Christ was there. At once, it was like He was over me, next to me, inside me, saying, "My flesh is food indeed. This is my body, broken for you. Take eat. Remember."  I heard all these passages spoken through my mind like a gust of wind through the trees.

I have contemplated this mystery many times. God knows it has offended me, confused me, fascinated me, but I have chewed on it and swallowed it in faith, because Christ said it. But what did He mean?  

At once the words made sense somehow, but the meaning was just beyond words, just as the screaming stopped, as I listened and heard nothing else, as I imagined the other animal was swallowing now, or trudging off with a limp, still-warm body in its mouth.

Here we must eat flesh of other flesh in order to build our flesh. Death and life are so mixed up. Christ said He is the Bread. He prayed and broke and passed the loaf. He offered his body to be torn, even while his Spirit was still inside. He felt it all. And so unashamedly, He encouraged us to take and eat.

To God, I thought, "There's no dark thing you haven't endured, is there? You have redeemed all, even the very worst of nature." And I felt rather than heard Him say, "Yes."

So I took courage.  Even the most terrible things done in the darkest of woods to satisfy the deepest of dark needs has been redeemed.  Christ, Himself, has been there, too. He was torn for us. He gives Himself to build our bodies. He becomes a part of us at the most infinitely fundamental level. I have taken and eaten this Christ like my life depends on it.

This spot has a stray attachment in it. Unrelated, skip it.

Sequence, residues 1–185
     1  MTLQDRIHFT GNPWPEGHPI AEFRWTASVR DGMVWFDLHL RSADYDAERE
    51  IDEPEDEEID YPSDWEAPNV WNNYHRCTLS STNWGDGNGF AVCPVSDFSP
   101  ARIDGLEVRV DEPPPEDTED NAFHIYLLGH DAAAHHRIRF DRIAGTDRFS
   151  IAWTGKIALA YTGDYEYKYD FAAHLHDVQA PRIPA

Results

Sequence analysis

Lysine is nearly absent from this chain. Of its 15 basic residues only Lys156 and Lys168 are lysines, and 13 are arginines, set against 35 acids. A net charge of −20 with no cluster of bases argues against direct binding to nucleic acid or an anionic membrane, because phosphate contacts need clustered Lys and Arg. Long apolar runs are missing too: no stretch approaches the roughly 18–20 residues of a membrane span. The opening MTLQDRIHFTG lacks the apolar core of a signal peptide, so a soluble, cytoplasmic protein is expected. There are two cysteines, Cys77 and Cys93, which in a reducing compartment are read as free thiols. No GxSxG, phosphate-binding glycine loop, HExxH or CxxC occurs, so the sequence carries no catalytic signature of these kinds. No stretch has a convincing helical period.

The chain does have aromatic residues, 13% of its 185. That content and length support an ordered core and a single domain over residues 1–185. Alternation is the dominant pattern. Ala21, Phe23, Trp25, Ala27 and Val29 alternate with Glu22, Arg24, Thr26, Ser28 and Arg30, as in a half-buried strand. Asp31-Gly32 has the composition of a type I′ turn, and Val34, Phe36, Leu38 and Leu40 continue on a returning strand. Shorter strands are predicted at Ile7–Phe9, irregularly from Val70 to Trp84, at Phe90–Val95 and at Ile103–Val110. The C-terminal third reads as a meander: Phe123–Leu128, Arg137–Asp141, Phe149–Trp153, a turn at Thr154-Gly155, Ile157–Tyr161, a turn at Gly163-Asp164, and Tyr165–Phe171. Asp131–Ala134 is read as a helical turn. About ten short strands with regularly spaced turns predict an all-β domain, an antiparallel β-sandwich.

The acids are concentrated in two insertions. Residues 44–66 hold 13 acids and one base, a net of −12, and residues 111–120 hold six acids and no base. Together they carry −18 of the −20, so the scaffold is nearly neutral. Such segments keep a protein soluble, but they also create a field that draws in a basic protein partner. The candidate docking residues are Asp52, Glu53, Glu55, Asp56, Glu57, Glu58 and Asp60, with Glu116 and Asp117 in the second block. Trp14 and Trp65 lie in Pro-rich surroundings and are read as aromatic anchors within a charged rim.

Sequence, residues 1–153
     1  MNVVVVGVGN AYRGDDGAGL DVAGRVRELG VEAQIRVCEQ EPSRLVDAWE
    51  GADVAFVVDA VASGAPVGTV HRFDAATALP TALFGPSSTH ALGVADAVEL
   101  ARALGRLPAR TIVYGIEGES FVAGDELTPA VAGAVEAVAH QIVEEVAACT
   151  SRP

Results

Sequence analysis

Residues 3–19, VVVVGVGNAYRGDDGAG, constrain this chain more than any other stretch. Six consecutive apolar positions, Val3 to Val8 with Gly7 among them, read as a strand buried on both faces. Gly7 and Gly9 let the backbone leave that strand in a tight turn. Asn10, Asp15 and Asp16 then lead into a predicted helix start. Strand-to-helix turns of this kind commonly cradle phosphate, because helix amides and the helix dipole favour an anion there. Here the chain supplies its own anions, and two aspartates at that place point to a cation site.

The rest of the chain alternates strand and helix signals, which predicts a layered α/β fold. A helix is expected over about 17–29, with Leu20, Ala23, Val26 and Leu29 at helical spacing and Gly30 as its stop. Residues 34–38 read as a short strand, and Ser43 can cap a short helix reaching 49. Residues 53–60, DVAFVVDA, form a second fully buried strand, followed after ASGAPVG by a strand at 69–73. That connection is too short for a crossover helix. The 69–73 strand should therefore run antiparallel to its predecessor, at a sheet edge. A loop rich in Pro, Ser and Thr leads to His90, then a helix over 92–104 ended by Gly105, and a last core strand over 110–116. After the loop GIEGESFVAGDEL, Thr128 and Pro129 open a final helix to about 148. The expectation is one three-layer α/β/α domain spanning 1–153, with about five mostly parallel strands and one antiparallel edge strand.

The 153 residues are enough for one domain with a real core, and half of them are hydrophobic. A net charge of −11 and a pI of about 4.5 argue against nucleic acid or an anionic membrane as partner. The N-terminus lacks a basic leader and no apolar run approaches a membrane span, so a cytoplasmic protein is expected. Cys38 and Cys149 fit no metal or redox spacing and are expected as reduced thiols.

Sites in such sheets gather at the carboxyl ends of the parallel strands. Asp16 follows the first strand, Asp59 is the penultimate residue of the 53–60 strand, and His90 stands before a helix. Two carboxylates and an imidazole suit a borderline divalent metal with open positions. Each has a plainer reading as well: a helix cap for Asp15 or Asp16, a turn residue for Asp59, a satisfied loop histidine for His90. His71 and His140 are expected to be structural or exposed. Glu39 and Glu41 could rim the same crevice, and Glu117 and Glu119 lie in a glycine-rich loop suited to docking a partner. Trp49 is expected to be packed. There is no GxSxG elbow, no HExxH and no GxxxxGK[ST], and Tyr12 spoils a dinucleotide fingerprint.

"There is no separating me from you now. Is there?" His voice comes to me from above, next to, within, from afar, traveling to me as if through the woods connected to other woods connected to all woods.  I feel rather than hear him say, "No."

Friday, November 15, 2019

This is our current read-aloud.  We just finished On the Edge of the Dark Sea of Darkness and now we are reading the second in the Wingfeather Saga, North, or Be Eaten. This is actually the second time we've read these books out loud to our kids.  The first time was years ago and I think our oldest daughter may have been the only one who really took the story in.  Our youngest daughters don't remember the story, so it needed to be read again.

Many years ago, I actually reviewed this book here on my blog when it first came out.  Click here to see that.  At the time, I had not read the first book in the series and I had not read any of the other books, since none of them had been written. I gave it good reviews, but I really had no idea how much I'd grow to love this story, these books.  To me, this series is as good as the Chronicles of Narnia.  I know that's a bold statement and I know that sounds almost like sacrilege, but read these books, and then I think you may agree that I'm not wrong.  

Thursday, November 14, 2019

I'm in my second year of the Circe Apprenticeship.  I'm studying rhetoric, reading Classics, writing essays, teaching rhetoric, learning how to teach Classically, and all the while, growing closer to the Lord.  To me, the Apprenticeship is part of how I love God with my whole mind.  I pray about everything I am learning, wrestling ideas constantly in the back of my mind, and sometimes in the front of my mind.  It feels like I am Jacob with the angel. I am totally outmatched, but I am holding on for a blessing and I know I am going to be changed forever. The Apprenticeship is one of the most challenging and rewarding things I have ever done.  

Wednesday, November 13, 2019